If the metal is less reactive than hydrogen, it will be discharged while hydrogen ions remain in solution.

In the case of aqueous sodium chloride, the following two reactions compete.

$$$\ce{2H^+ + 2e^- -> H2}$$$

$$$\ce{Na^+ + e^- -> Na}$$$

In this case, the reduction of hydrogen prevails, and sodium cations are left in solution while hydrogen gas is discharged. This occurs because sodium is more reactive than hydrogen.

If copper cations were present instead, copper would be discharged instead of hydrogen.

At the anode, the non-metal anion must compete with hydroxide ions for oxidation and discharge. Either the non-metal or oxygen gas is released.

Halides (the anions from halogens) are usually discharged at the anode instead of oxygen when they are highly concentrated in the electrolyte.

In the case of concentrated aqueous sodium bromide, the following two reactions compete.

$$$\ce{4OH^- -> O2 + 2H2O + 4e^-}$$$

$$$\ce{2Br^- -> Br2 + 2e^-}$$$

In this case, the oxidation of bromide ions prevails because a bromide ion is a halide. Bromine gas is discharged instead of oxygen.

Sulfates ($$\ce{SO4^2-}$$) and nitrates ($$\ce{NO3^-}$$) tend to remain in solution during electrolysis. The oxidation of hydroxide to oxygen gas generally prevails.

The electrolysis of substances such as sodium sulfate ($$\ce{Na2SO4}$$) and potassium nitrate ($$\ce{KNO3}$$) almost always results in the discharge of oxygen gas instead of sulfate or nitrate.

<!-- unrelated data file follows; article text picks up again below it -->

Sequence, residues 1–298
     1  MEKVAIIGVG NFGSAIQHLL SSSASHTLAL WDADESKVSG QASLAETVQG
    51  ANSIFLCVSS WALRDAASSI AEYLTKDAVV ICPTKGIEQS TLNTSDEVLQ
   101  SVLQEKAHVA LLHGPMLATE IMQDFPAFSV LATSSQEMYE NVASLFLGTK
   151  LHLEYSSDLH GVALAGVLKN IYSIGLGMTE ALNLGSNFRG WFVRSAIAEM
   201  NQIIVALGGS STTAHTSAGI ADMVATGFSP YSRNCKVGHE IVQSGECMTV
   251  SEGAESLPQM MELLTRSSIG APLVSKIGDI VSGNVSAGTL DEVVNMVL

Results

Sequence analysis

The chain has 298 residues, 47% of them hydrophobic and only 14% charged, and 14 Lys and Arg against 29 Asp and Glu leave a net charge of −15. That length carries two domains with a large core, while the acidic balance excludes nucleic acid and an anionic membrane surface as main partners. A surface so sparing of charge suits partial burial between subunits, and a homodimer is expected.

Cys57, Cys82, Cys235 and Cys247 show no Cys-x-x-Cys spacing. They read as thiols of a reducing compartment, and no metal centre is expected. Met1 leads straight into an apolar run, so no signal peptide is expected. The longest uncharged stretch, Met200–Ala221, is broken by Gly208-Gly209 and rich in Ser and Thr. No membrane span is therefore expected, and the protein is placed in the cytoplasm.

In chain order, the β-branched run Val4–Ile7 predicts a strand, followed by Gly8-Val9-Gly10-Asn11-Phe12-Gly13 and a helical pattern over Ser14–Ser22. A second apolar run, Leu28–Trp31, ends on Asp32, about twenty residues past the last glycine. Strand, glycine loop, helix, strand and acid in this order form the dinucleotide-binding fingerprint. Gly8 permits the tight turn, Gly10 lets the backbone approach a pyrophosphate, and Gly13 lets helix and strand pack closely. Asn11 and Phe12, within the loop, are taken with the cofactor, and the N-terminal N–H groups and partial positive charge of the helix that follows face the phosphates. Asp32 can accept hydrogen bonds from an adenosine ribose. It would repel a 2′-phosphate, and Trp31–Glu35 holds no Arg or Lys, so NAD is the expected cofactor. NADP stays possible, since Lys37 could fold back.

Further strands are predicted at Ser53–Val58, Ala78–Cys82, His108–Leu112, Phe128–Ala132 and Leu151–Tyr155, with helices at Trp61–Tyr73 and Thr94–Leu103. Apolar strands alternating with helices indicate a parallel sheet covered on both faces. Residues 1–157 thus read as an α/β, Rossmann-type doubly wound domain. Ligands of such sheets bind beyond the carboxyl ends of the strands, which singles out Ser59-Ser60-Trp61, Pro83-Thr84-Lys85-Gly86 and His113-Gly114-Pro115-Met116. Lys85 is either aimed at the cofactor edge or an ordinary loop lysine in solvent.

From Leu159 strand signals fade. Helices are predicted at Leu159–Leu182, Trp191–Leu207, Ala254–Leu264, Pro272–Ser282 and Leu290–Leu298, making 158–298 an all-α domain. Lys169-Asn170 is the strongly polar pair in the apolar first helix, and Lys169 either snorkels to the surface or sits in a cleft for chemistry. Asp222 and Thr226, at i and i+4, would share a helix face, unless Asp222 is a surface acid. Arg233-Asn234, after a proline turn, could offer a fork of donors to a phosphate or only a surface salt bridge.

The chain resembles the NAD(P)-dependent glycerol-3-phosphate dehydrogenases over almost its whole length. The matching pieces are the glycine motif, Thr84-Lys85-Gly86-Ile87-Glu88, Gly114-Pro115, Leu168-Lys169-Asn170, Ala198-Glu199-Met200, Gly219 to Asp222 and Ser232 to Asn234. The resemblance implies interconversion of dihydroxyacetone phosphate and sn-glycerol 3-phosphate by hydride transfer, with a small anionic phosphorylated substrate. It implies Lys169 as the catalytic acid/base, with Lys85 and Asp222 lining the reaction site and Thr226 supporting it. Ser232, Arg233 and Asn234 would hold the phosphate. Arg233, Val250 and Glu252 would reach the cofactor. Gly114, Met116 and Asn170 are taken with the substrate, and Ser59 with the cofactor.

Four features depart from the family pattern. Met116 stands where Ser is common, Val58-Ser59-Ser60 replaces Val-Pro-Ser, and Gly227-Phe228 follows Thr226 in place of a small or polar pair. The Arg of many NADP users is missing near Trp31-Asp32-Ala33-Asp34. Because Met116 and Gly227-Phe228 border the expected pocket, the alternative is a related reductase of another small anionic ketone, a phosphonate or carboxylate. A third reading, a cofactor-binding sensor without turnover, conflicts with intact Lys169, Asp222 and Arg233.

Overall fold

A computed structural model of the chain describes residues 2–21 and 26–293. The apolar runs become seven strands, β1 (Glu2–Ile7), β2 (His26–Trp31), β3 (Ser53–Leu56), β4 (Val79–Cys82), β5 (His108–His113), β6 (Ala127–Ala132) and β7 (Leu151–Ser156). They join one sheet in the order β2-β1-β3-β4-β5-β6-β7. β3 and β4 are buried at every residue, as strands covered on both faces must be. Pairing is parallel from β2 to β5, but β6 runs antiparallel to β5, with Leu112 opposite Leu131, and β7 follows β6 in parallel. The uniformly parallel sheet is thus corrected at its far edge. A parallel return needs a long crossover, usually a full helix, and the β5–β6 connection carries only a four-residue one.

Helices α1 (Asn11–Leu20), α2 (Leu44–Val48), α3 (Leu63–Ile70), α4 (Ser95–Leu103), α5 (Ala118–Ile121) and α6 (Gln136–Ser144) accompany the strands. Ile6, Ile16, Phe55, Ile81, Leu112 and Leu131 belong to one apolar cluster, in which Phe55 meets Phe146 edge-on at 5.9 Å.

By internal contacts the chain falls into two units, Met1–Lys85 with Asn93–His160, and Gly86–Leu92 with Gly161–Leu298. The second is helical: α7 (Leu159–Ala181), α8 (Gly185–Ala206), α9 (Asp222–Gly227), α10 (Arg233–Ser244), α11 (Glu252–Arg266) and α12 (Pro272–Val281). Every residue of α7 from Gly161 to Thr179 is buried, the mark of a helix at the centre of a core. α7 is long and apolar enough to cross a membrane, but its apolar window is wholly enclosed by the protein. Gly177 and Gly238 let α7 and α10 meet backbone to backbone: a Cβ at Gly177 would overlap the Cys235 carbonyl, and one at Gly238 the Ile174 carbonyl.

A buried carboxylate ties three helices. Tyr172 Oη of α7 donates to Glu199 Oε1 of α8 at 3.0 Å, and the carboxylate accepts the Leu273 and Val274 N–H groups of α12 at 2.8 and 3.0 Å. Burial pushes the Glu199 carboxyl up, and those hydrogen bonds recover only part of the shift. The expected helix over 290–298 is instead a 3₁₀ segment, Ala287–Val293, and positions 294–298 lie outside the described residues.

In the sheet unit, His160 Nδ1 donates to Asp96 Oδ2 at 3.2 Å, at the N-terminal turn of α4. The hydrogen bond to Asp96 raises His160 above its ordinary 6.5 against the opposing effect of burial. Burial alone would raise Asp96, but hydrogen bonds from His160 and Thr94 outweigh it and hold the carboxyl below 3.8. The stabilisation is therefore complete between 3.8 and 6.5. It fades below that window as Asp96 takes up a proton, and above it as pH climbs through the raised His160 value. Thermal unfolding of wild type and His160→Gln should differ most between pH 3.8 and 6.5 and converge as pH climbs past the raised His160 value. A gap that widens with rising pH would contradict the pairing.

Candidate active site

The concentration of ions influences the discharge of matter at the electrodes.

As the concentration of particular ions increases, their discharge becomes more likely. As the concentration of particular ions decreases, their discharge becomes less likely.

A dilute solution of a halide salt (e.g. sodium chloride, potassium bromide) will result in the discharge of oxygen and hydrogen at the electrodes, leaving the salt ions in the solution.

If the concentration of the salt in water is increased, then the halogen will discharge at the anode instead of oxygen.

Concentrated solutions of aqueous halides tend to discharge the halide as halogen molecules. Dilute solutions of aqueous halides tend to discharge oxygen gas.

Electrolysis of concentrated sodium chloride solution (left) gives chlorine (right).

Electroplating uses electrolysis to coat an object in pure metal.

The electrodes in electroplating are not inert. The electrodes participate in the reactions. The metal used for plating is the anode.

The oxidised metal atoms leave the anode, enter the electrolyte solution, and are plated onto the cathode to produce a layer of pure metal.

The electrolyte used has to contain cations of the metal to be plated. The electroplating of copper requires copper (II) sulfate solution.

Copper is purified through electroplating, using impure copper as the anode and another metal as the cathode.
Copper is purified through electroplating, using impure copper as the anode and another metal as the cathode.

In the electroplating of copper, the copper atoms in the anode are oxidised to form cations ($$\ce{Cu^2+}$$), which enter the electrolyte solution.

The copper ions are then reduced to atoms and deposited onto the metal cathode.

The cathode is plated at the rate at which the anode dissolves.